After retrieving a five-dollar bill from my wallet, I rummaged in my pocket and withdrew the handful of change I had randomly selected from the dresser… exactly 43 cents! I had chosen four dimes and three pennies out of perhaps three or four dollars worth of change and it caused me to pause a moment before exclaiming to the cashier behind the counter.

“I picked up a handful of change before leaving the room, and oddly enough it was exactly 43 cents!” and while I was not leaping about proclaiming a miracle of biblical proportions, I did voice my findings in a subdued but obviously amazed manner.

The cashier stared at me nonplussed and uttered not a word. In fact, her reaction was so lacking in anything remotely resembling interest I thought that I might have accidentally switched to Mandarin or Hindi when I spoke, but as I do not speak either language I thought this explanation unlikely. Her shoulders almost imperceptibly settled a fraction of an inch in resignation as she continued to stare at me in silence.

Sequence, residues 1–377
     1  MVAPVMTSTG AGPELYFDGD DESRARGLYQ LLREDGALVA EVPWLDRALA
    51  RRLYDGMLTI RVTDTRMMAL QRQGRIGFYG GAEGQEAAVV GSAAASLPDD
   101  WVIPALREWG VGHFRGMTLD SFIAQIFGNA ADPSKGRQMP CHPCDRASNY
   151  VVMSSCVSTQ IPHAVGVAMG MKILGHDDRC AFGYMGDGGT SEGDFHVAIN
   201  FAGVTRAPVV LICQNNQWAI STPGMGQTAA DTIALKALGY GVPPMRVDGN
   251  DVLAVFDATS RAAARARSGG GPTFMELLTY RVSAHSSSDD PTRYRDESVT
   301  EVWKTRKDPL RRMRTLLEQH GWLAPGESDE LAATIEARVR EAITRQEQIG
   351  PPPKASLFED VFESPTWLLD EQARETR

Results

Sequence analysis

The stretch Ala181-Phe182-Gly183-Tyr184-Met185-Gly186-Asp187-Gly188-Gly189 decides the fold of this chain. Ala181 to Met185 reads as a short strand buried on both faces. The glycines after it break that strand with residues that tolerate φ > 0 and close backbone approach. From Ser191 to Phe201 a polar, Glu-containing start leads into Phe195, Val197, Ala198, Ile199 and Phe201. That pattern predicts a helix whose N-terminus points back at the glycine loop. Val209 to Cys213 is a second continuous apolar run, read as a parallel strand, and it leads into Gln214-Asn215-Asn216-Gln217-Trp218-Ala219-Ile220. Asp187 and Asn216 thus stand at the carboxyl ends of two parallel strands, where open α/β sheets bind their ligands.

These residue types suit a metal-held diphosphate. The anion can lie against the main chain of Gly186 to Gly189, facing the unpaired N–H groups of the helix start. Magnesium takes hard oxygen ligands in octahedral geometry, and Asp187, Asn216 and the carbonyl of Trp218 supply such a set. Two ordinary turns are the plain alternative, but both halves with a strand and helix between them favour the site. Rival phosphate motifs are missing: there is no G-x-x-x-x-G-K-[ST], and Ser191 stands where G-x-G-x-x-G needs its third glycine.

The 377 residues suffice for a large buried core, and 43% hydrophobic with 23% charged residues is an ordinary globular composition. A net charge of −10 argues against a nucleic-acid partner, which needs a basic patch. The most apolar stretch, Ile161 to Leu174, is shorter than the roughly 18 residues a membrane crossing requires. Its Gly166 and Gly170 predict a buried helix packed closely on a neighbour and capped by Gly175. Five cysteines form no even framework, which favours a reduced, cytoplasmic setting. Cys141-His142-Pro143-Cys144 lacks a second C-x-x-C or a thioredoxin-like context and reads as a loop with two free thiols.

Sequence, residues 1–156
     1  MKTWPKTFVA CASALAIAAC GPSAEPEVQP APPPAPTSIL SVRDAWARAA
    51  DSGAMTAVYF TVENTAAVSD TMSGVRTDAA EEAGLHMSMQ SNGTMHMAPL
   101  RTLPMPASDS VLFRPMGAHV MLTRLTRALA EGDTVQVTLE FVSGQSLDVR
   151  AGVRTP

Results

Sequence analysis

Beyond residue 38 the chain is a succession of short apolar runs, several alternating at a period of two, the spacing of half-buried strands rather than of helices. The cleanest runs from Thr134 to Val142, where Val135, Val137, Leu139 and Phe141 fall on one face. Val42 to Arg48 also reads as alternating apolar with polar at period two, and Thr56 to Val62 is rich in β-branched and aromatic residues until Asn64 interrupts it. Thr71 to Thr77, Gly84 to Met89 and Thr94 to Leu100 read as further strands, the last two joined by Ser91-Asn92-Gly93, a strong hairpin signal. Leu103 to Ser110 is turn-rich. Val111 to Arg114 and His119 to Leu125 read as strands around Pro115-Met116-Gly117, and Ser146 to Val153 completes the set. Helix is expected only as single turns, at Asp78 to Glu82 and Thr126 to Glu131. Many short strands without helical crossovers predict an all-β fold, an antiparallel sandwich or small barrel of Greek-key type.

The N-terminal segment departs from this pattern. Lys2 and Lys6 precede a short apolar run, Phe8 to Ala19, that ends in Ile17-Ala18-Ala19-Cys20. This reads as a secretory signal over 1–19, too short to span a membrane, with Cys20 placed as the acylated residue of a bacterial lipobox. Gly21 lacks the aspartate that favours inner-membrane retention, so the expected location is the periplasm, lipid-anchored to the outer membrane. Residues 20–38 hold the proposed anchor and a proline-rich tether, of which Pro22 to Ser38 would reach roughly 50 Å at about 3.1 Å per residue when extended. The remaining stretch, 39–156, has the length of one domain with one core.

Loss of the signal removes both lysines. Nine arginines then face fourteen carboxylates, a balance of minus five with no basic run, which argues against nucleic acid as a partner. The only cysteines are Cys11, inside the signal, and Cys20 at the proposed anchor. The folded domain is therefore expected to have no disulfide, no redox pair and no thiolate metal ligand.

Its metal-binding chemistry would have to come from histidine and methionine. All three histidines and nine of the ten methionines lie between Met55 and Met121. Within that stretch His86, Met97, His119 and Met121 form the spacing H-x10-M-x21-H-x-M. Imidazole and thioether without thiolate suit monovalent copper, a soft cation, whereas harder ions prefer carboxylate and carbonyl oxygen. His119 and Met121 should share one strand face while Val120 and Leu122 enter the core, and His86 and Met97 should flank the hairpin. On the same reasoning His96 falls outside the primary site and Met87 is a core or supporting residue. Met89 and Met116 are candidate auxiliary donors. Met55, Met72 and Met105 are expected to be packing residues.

“I can see that you are impressed by my feat…” I added as I handed my money across the counter. With neither a thank you nor even the faintest acknowledgment of my action, she turned away and returned to a conversation she had been engaged in before the altercation regarding the stale pastries began minutes earlier.

It is hard to walk away from such an event and not feel a spike of annoyance or indignation. I know that the cashier was not a mute, and it did not seem as if she had suffered some trauma prior to our transaction due to the way she was quickly able to switch from stony silence to an animated discussion once her employment obligations had been met. Was she so jaded at 22-ish that her view of the world held customers as a collection of beings beneath her dignity to engage beyond announcing their incurred fees, or was she just the best applicant for the job at the time of her hiring?

When I told the story to one of the local shop owners his response was: “I doubt she’s  native of New Orleans.”

Web 2.0 – My Interpretation of the SLA Pre-Conference with Greg Merkle

Web 2.0 and the Information Professional